As I understand it, blowfish (actually eksblowfish, as it's used one way) is generally seen a secure hashing algorithm, even for enterprise use (correct me if I'm wrong). Because of this, I created functions to create and check secure password hashes using this algorithm, and using the (also deemed cryptographically secure) openssl_random_pseudo_bytes function to generate the salt.

 * Generate a secure hash for a given password. The cost is passed
 * to the blowfish algorithm. Check the PHP manual page for crypt to
 * find more information about this setting. Returns null on failure.
function generate_hash($password, $cost=11){
    /* To generate the salt, first generate enough random bytes. Because
     * base64 returns one character for each 6 bits, the we should generate
     * at least 22*6/8=16.5 bytes, so we generate 17. Then we get the first
     * 22 base64 characters
    /* If the random generation was not secure enough, do not continue
    if(!$secure) return null;
    /* As blowfish takes a salt with the alphabet ./A-Za-z0-9 we have to
     * replace any '+' in the base64 string with '.'. We don't have to do
     * anything about the '=', as this only occurs when the b64 string is
     * padded, which is always after the first 22 characters.
    /* Next, create a string that will be passed to crypt, containing all
     * of the settings, separated by dollar signs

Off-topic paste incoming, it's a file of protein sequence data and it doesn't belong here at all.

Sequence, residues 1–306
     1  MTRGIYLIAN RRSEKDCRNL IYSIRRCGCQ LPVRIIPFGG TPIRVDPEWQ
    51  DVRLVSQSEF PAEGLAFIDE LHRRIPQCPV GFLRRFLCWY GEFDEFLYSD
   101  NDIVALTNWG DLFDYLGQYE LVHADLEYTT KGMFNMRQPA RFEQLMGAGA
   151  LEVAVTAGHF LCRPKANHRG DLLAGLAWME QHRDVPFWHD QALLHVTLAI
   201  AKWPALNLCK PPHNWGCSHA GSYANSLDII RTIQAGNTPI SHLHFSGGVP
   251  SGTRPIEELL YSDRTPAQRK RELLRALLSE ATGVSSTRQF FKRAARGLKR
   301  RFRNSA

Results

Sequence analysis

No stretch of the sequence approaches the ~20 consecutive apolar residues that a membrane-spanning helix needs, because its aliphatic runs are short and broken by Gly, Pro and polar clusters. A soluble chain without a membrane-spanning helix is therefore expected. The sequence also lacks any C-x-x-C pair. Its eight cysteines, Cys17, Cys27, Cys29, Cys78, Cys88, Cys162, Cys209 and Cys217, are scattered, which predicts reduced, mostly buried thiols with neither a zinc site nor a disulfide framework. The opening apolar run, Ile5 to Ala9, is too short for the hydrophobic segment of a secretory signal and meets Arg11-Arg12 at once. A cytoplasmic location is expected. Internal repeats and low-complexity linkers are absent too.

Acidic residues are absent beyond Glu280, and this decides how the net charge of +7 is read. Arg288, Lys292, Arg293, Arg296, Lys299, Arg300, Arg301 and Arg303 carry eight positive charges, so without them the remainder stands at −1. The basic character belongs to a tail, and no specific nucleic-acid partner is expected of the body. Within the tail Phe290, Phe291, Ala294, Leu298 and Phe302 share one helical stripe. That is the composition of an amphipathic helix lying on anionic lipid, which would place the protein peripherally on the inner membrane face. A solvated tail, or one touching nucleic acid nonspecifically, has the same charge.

"2y", //select the most secure version of blowfish (>=PHP 5.3.7)
            str_pad($cost,2,"0",STR_PAD_LEFT), //add the cost in two digits
            $salt //add the salt

    /* Now do the actual hashing
    if(strlen($hash)!=60) return null;
    return $hash;

 * Check the password against a hash generated by the generate_hash
 * function.
function validate_pw($password, $hash){
    /* Regenerating the with an available hash as the options parameter should
     * produce the same hash if the same password is passed.
    return crypt($password, $hash)===$hash;
  • 3
    \$\begingroup\$ Why bother reinventing the wheel? Time and energy best spent upgrading your PHP version to 5.5, which introduced the password_hash function, to be called like so: password_hash($password, PASSWORD_BCRYPT, array('salt' => 'yourSalt', 'cost' => 15)); \$\endgroup\$ Jan 8, 2014 at 7:11
  • \$\begingroup\$ Or even use something like phpass openwall.com/phpass . I feel that it is better to use something tested than roll your own (which may include vulnerabilities) \$\endgroup\$
    – Sam
    Jan 8, 2014 at 10:46
  • 1
    \$\begingroup\$ If PHP 5.5 isn't available, ircmaxell has made a drop in PHP version that just requires PHP 5.3: github.com/ircmaxell/password_compat \$\endgroup\$
    – Corbin
    Feb 19, 2014 at 19:08

1 Answer 1


I would have to agree with @EliasVanOotegem. Consider using password_hash() and password_verify(). All you've done is recreate something, which we know shouldn't be done.

Documentation for the former and latter.


Your Answer

By clicking “Post Your Answer”, you agree to our terms of service and acknowledge you have read our privacy policy.

Not the answer you're looking for? Browse other questions tagged or ask your own question.